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‘Seed guardians’ use ancient methods to protect food supply from uncertain future: ‘There have been profound transformations’

Seed banks are viewed as the primary protectors of crop diversity.

Seed banks are viewed as the primary protectors of crop diversity.

Photo Credit: iStock

While most of us likely grab what we need at the store with little thought to what — and who — it took to get it there, one group of people think of little else than where the food comes from and how to keep it coming. 

Many of our favorite foods and pantry staples — olive oil, pizza and pasta, and hazelnuts, to name a few — are at risk from disease and the effects of Earth’s rising temperatures. As reported by the BBC, the “seed guardians” of Potato Park in the Andes are trying to save them.

Over 1,300 potato varieties are found growing in the Andes mountains. Now, aside from providing nourishment and playing an important cultural role to the local population, the potatoes must play the part of hero alongside them, helping to ensure the crops can adapt to the challenges caused by a rapidly overheating planet.  

Founded in 2002 by six Indigenous communities, Potato Park is located near Pisac, Peru, and works to preserve the genetic diversity of potatoes grown in the region and the cultural heritage of the people that grow them, according to the BBC.

Along with the potatoes, other native crops like maize and quinoa are also part of the work, and it is all a bigger effort to find ways of preserving and adapting valuable food plants worldwide. 

The farmers vary planting locations and harvest several times annually within the almost 10,000-hectare (nearly 40 square miles) reserve.

As well as preserving food varieties that may otherwise be lost and the agricultural knowledge and traditions involved in high-altitude growing which have been developed and passed on over thousands of years — farmers are testing which of the existing varieties can best adapt to the kind of extreme conditions — like floods, fires, and extreme heat — that are expected to increase as global temperatures rise.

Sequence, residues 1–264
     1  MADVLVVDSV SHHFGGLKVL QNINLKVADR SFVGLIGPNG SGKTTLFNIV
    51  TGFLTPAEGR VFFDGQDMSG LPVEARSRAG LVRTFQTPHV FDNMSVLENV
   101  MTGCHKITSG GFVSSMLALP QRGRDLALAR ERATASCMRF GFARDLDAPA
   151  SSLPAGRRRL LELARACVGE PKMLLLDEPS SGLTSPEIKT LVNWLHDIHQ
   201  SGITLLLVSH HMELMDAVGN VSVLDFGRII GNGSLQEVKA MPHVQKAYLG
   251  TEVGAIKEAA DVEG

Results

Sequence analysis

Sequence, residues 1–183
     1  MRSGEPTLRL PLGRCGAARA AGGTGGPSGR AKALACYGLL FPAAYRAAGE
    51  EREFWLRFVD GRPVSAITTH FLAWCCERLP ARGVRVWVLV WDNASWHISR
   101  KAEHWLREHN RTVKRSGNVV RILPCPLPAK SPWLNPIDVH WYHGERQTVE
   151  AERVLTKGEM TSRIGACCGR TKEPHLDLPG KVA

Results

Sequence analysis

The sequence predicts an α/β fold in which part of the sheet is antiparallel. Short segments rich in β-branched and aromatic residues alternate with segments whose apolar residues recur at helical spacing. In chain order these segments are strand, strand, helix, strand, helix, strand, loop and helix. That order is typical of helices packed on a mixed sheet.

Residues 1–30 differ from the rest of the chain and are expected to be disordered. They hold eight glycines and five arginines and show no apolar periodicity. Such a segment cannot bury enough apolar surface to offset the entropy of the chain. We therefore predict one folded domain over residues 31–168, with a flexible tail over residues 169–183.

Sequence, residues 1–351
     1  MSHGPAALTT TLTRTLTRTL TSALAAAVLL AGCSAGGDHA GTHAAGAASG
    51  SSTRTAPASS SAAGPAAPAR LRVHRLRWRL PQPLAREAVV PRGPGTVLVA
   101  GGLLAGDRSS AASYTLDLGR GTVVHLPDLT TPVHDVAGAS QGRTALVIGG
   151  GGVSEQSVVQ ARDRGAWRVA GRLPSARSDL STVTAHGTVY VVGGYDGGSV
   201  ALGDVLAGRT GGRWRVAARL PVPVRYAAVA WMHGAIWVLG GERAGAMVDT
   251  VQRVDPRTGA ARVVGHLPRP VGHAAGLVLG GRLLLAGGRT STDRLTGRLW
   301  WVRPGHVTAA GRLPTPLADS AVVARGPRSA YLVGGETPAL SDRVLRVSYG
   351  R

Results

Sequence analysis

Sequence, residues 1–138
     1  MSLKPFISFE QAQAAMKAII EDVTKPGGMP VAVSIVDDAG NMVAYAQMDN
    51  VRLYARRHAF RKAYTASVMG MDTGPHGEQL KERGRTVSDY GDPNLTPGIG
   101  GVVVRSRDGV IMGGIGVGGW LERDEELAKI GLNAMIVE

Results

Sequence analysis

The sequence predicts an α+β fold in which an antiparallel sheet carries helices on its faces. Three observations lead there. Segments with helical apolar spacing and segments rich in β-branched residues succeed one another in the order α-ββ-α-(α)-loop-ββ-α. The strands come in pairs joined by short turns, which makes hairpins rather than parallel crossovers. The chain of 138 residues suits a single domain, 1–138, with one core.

Seed banks are viewed as the primary protectors of crop diversity, and while important, these small-scale growers are working to keep thousands of rare and unusual crop varieties alive. 

Growing a diverse range of varieties of a particular crop was once standard practice, but the advent of breeding “improved” varieties of staple crops led many farmers to swap locally adapted varieties with modern versions. 

“There have been profound transformations in agriculture, and there has been loss of crop diversity, that’s incontrovertible,” Helen Anne Curry, a professor in the history of technology at Georgia Tech, told the BBC.

The in situ conservation like that in Potato Park further allows for the creation of new varieties better adapted to real, local conditions as opposed to conditions within a lab — meaning better adapted to the changes brought by a changing planet. 

“There’s so much built into a lot of these open-pollinated varieties already, it’s a matter of being able to start growing these out and using the inherent genetics in them,” said executive director of Seed Savers Exchange Mike Bollinger. “You can navigate through that with the intelligence that is already built in… as opposed to trying to use technology to create something that doesn’t exist.”

So, to say the least, we owe a round of applause to the farmers of Potato Park.

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